Licks from the epic gig in Zaire, 1974

Guitar Techniques - - Front Page - NEXT MONTH: John looks at Eric Clap­ton’s play­ing on the Robert John­son al­bum

I pulled out some BB King records and ev­ery time he didn’t play I was play­ing. I had my phras­ing just the op­po­site of the real thing.

Larry Carl­ton



Key: Var­i­ous

Tempo: Var­i­ous CD: TRACKS25-28

Will im prove your

Phras­ing Stylis­tic au­then­tic­ity Ex­pres­sion and de­liv­ery

Orig­i­nally in­tended as the pre­cur­sor to what was then touted as the great­est box­ing event of all time, the leg­endary Rum­ble In The Jun­gle fought between Muham­mad Ali and Ge­orge Fore­man, Zaire ’74 was a three-day cel­e­bra­tion of black mu­sic. Many of the artists con­sid­ered it a spir­i­tual home­com­ing and a re­turn to their African roots. James Brown, Sis­ter Sledge, The Cru­saders and Bill Withers gave in­spired per­for­mances along­side tra­di­tional African singers and mu­si­cians, such as Miriam Makeba and Manu Dibango.

Al­though an in­jury sus­tained by Fore­man in train­ing caused the fight to be de­layed (it took place a month later with Ali com­ing out the vic­tor), the fes­ti­val went ahead re­gard­less. It was a re­sound­ing suc­cess, too, with an at­ten­dance of over 80,000 peo­ple.

For me, one per­for­mance stands out head and shoul­ders above the rest. Having cel­e­brated his 49th birth­day a week ear­lier, BB King was at the height of his cre­ative pow­ers. Lead­ing an or­ches­tra fea­tur­ing a mix­ture of reg­u­lar side­men and hired ses­sion play­ers – in­clud­ing a fresh-faced up­start called Larry Carl­ton on rhythm gui­tar - King de­liv­ered a blis­ter­ing set with scin­til­lat­ing play­ing from start to fin­ish. Video footage shows a man that is clearly on top of his game, com­mand­ing the band with com­plete au­thor­ity, con­trol­ling dy­nam­ics from a whis­per to a roar and dic­tat­ing the feel of each tune ef­fort­lessly. He gives a vo­cal per­for­mance to die for; in fact, his vo­cals and gui­tar are so en­twined that we may as well con­sider them one and the same. While many rate 1965’s Live At The Re­gal as his finest mo­ment, for me, Zaire ’74 is where it’s at.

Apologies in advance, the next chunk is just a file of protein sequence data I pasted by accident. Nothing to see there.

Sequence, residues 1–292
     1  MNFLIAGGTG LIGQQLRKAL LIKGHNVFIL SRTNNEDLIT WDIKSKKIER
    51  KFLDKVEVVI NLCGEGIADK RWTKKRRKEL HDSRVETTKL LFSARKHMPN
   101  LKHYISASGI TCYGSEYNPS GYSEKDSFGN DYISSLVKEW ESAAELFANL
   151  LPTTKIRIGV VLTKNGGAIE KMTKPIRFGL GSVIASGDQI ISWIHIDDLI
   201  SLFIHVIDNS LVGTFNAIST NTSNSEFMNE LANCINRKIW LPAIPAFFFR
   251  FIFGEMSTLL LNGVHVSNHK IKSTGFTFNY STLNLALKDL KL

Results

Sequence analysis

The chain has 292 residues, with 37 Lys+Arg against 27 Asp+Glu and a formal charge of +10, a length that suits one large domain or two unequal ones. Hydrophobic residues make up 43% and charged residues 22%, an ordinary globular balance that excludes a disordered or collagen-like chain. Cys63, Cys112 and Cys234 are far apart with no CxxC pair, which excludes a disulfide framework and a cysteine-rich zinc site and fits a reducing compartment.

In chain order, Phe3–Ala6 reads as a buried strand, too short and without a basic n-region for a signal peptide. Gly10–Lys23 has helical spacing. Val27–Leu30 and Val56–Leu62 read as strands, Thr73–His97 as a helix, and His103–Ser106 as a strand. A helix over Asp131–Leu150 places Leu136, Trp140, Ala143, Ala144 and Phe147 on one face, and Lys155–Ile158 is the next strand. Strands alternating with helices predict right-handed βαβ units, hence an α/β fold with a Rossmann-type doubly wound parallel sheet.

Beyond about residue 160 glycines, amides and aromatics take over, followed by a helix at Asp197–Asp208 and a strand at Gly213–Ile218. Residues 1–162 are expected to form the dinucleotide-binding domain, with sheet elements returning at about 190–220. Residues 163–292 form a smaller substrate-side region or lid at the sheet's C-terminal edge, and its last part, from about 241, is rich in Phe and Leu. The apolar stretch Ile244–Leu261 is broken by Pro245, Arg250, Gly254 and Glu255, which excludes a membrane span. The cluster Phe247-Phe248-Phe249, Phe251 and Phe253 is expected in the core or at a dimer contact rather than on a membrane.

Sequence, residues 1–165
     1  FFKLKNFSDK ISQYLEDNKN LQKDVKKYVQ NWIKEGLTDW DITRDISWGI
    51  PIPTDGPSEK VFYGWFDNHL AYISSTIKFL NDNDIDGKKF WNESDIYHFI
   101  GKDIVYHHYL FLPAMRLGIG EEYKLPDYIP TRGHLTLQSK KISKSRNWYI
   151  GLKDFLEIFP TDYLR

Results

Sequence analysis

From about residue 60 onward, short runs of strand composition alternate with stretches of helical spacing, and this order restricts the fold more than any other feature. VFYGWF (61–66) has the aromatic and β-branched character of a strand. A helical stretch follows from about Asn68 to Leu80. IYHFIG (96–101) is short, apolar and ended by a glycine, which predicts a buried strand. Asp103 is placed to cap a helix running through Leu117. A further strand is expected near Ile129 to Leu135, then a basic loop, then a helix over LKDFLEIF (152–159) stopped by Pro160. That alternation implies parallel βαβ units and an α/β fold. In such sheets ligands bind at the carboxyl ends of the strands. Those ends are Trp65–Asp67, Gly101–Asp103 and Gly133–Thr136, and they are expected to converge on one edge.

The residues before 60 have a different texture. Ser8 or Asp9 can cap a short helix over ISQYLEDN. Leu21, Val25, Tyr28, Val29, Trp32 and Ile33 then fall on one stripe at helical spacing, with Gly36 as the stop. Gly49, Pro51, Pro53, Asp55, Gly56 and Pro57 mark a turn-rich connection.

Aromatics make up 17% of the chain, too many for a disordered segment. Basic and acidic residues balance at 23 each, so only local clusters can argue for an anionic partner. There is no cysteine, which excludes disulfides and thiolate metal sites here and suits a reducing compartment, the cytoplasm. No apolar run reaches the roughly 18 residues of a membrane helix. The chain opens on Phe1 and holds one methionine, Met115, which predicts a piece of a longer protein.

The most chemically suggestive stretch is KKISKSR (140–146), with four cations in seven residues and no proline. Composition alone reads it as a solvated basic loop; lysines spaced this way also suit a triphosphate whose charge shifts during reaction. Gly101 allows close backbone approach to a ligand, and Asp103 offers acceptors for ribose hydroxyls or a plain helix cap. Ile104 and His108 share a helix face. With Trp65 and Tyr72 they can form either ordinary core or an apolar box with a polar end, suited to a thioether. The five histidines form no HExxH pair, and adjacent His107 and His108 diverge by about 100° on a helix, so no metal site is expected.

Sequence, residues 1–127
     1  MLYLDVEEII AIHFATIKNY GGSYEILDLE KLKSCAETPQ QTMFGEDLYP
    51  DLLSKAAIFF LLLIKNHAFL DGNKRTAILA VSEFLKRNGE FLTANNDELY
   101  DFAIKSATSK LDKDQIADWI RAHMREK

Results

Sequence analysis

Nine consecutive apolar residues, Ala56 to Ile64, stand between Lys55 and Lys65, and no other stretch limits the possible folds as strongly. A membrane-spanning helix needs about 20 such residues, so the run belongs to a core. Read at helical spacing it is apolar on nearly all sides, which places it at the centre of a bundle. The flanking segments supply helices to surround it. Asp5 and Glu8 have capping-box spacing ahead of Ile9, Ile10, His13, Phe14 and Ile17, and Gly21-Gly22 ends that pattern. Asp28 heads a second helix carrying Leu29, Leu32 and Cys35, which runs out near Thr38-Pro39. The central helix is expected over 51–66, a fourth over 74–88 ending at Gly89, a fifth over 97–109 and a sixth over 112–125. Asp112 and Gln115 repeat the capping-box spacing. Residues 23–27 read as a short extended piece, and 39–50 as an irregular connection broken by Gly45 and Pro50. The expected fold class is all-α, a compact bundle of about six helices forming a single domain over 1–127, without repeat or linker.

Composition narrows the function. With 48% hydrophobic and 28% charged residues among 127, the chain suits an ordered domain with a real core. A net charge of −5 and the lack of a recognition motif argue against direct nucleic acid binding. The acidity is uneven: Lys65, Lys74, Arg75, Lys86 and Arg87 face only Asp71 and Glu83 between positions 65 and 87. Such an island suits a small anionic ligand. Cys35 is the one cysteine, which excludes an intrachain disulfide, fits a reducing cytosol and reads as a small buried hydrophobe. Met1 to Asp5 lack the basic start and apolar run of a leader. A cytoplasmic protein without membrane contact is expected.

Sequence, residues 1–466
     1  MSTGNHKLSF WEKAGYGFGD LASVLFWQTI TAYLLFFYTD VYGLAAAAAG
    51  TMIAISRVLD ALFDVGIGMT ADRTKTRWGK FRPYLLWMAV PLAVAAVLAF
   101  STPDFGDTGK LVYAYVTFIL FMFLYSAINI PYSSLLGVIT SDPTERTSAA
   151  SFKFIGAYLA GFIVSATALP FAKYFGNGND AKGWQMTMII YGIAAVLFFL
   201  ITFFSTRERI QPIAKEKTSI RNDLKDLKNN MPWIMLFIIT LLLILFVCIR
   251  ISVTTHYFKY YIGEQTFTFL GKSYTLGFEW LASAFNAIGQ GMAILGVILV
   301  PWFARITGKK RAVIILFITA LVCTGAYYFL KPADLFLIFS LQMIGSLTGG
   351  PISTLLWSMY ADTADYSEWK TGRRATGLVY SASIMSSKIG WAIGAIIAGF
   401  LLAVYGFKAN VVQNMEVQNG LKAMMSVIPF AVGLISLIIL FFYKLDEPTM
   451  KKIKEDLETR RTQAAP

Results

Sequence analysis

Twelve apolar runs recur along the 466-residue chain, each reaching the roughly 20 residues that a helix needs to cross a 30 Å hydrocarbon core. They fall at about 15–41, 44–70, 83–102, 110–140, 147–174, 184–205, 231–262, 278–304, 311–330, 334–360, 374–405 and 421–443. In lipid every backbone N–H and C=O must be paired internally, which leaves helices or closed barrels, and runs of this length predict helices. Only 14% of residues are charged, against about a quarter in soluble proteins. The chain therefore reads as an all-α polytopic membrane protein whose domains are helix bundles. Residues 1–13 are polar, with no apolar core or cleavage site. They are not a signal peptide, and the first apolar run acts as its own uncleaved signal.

There are two full so­los this month, based around King’s play­ing from this con­cert. The ob­vi­ous beauty of his style is that it’s or­ganic, and while his pref­er­ence for cer­tain melodic ideas and rhyth­mic pat­terns might change to suit his mood, you’ll hear him re­visit many of th­ese de­vices in his play­ing from then un­til now. The trick is to think less about licks and more about short mu­si­cal mo­tifs and themes.

A mo­tif is sim­i­lar to a lick, but shorter. This brevity al­lows greater free­dom when we come to con­nect ideas. While a lick has a fairly pre­dictable out­come – from the first note you have a good idea of what is about to hap­pen a few bars down the line – a mo­tif can be de­vel­oped in­fin­itely; cer­tain as­pects might re­main con­stant, such as rhythm, choice of notes, the scale you’re us­ing and so on, but the mu­si­cal out­come is much less pre­dictable.

Great im­pro­vis­ers deal more with mo­tifs and less with licks, and BB is no ex­cep­tion. But it’s still worth learn­ing th­ese so­los, as not only are you es­tab­lish­ing the build­ing blocks of a lan­guage (as you might learn set phrases if you were at­tempt­ing to learn to speak Span­ish, say), but you can also study other cru­cial skills, such as the pac­ing of the notes, the devel­op­ment of ideas and the over­all shape of a piece, rather than sim­ply in­de­pen­dent and dis­con­nected mu­si­cal ideas. As is so of­ten the case, a bal­anced out­look and ap­proach to learn­ing is your best strat­egy, so get stuck in and, most im­por­tantly, re­mem­ber to have fun when you play – just as BB most cer­tainly did in Zaire all those years ago!

BB King with a Gib­son ES-355, years be­fore his sig­na­ture ‘Lu­cille’

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